a read circuit has been developed in which a two-stage sense
amplifier (amplification circuit) is used, and a signal is
amplified gradually, optimizing the operating voltage of each
sense amplifier. Compared with the use of a single-stage sense
amplifier, amplification can be performed in a shorter time, and
a faster read time can be achieved while suppressing the sense
amplifier current consumption to 280 uA.
(3) Circuit technology enabling measurement of minute currents on the
order of nano-amperes
In order to test the quality of fabricated memory cells, it is
important to accurately measure the readout current value before
a signal is read. However, in normal operation, a minute readout
current on the order of nano-amperes is obscured by a current
leakage generated in the memory circuit, and it has been
difficult to measure accurately. Thus, a new circuit technology
has been developed that reduces current leakages to a minimum
level by optimizing the memory circuit voltage, making it
possible for the minute readout current of a memory cell to be
measured with a high degree of accuracy. Feeding back
measurement results to the manufacturing process makes it
possible to contribute to improvements in memory cell quality.
An experimental 512-kbyte memory module was fabricated using a
130-nm CMOS process, employing the newly developed circuit technology
for cells writable at 100 uA. Test results confirmed the possibility
of 416-kbyte/sec write operations and 20-nanosecond read operations,
and high-speed operation was achieved while maintaining the
performance of low-power-operation phase change memory cells.
This technology is expected to promote the implementation of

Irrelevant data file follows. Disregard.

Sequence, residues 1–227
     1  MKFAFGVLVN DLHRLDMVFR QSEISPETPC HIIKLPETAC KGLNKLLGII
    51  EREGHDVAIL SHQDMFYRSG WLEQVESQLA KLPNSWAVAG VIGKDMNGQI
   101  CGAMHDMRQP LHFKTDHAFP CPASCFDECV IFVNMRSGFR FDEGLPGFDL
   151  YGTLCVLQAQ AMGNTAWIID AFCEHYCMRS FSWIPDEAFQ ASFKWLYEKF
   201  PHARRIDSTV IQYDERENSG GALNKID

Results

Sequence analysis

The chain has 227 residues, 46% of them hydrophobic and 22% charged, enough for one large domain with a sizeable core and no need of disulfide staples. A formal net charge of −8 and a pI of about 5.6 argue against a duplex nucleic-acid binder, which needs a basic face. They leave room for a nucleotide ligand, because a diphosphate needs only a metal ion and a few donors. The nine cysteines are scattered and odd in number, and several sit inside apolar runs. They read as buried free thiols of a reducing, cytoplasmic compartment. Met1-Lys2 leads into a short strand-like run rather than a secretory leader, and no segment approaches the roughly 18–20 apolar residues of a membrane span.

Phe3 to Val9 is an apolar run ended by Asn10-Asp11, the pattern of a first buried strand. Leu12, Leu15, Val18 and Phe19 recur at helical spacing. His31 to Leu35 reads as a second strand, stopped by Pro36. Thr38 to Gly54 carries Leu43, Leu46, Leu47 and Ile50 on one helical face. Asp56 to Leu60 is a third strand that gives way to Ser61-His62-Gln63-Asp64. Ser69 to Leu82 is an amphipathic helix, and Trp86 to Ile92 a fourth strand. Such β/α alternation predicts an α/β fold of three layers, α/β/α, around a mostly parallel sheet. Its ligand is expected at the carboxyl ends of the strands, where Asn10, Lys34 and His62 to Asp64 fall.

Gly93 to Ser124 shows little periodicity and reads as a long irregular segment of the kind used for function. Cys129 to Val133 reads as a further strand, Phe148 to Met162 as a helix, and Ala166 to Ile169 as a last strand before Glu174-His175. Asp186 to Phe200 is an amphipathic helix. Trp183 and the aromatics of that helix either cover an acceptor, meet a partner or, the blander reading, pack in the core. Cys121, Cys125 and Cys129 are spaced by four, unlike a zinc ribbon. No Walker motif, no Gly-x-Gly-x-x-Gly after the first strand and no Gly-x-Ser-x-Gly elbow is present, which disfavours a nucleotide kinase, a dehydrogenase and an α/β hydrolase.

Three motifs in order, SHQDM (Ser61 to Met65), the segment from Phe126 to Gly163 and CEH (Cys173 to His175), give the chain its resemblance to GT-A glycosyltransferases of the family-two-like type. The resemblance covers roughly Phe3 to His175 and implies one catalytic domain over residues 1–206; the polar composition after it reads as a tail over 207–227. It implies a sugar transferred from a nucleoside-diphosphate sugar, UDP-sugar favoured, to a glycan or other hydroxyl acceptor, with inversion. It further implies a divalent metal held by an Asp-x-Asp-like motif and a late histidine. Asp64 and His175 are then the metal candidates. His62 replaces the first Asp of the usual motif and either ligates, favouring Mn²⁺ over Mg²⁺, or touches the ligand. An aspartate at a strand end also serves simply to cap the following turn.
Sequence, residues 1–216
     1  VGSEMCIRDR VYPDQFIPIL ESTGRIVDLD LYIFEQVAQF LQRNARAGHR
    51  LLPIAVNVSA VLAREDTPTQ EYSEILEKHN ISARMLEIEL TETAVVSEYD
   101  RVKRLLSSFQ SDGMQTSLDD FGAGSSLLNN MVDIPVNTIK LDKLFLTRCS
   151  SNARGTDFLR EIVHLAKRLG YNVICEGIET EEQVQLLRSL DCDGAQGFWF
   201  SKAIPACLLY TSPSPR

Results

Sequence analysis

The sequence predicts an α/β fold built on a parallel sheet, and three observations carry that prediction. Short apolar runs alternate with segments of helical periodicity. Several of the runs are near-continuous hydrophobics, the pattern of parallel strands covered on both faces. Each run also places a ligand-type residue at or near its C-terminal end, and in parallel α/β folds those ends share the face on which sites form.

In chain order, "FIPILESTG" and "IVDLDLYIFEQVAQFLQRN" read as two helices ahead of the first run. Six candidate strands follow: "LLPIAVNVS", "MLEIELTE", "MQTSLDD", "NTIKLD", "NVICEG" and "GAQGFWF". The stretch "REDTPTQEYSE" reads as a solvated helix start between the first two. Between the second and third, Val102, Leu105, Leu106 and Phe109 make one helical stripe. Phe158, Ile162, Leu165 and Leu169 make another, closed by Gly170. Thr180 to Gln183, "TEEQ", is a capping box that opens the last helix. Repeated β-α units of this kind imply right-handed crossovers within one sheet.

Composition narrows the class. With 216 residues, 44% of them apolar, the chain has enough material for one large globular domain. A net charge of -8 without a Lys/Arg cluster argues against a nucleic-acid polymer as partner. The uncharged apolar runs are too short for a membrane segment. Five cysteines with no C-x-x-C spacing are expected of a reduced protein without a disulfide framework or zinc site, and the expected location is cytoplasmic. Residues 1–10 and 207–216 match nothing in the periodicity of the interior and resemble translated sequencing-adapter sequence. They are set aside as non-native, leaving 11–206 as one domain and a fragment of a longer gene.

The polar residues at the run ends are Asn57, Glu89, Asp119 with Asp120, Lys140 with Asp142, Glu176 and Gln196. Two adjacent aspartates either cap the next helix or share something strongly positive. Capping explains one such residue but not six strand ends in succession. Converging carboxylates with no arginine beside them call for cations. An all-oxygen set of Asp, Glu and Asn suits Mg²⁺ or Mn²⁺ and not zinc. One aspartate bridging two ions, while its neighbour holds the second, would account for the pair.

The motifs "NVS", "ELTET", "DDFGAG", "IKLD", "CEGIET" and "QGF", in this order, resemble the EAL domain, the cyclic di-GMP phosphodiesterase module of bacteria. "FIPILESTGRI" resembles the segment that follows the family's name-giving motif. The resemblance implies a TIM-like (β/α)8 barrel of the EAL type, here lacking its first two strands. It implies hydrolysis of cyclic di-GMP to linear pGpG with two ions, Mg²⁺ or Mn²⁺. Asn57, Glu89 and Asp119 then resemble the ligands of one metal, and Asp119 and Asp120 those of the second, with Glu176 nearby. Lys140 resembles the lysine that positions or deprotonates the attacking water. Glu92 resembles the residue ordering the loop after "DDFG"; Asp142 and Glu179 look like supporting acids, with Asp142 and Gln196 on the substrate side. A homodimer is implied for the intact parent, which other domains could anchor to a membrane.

next-generation highly-integrated on-chip nonvolatile memory, and to
support significant advances in the development of future
microcontrollers for embedded systems.
About Hitachi, Ltd.
Hitachi, Ltd., (NYSE:HIT)(TOKYO:6501), headquartered in Tokyo,
Japan, is a leading global electronics company with approximately
356,000 employees worldwide. Fiscal 2005 (ended March 31, 2006)
consolidated sales totaled 9,464 billion yen ($80.9 billion). The
company offers a wide range of systems, products and services in
market sectors including information systems, electronic devices,
power and industrial systems, consumer products, materials and
financial services. For more information on Hitachi, please visit the
company's website at http://www.hitachi.com.
About Renesas Technology Corp.
Renesas Technology Corp. is one of the world's leading
semiconductor system solutions providers for mobile, automotive and
PC/AV (Audio Visual) markets and the world's No.1 supplier of
microcontrollers. It is also a leading provider of LCD Driver ICs,
Smart Card microcontrollers, RF-ICs, High Power Amplifiers, Mixed
Signal ICs, System-on-Chip (SoC), System-in-Package (SiP) and more.
Established in 2003 as a joint venture between Hitachi, Ltd.
(TOKYO:6501)(NYSE:HIT) and Mitsubishi Electric Corporation
(TOKYO:6503), Renesas Technology achieved consolidated revenue of 906
billion JPY in FY2005 (end of March 2006). Renesas Technology is based
in Tokyo, Japan and has a global network of manufacturing, design and
sales operations in around 20 countries with about 26,200 employees
worldwide. For further information, please visit
*Product names, company names, or brands mentioned are the
property of their respective owners.
(1) Nano: One billionth
(2) Micro: One millionth
(3) Amorphous state: A state in which atoms, molecules, and so
forth making up a solid do not have a regular structure like that of a
crystal. Also referred to as a noncrystalline state.
CONTACT: Renesas Technology Corp. (Japan)
Yoshinobu Sato, +81-3-6250-5554
Renesas Technology America, Inc. (US)
Akiko Ishiyama, +1-408-382-7407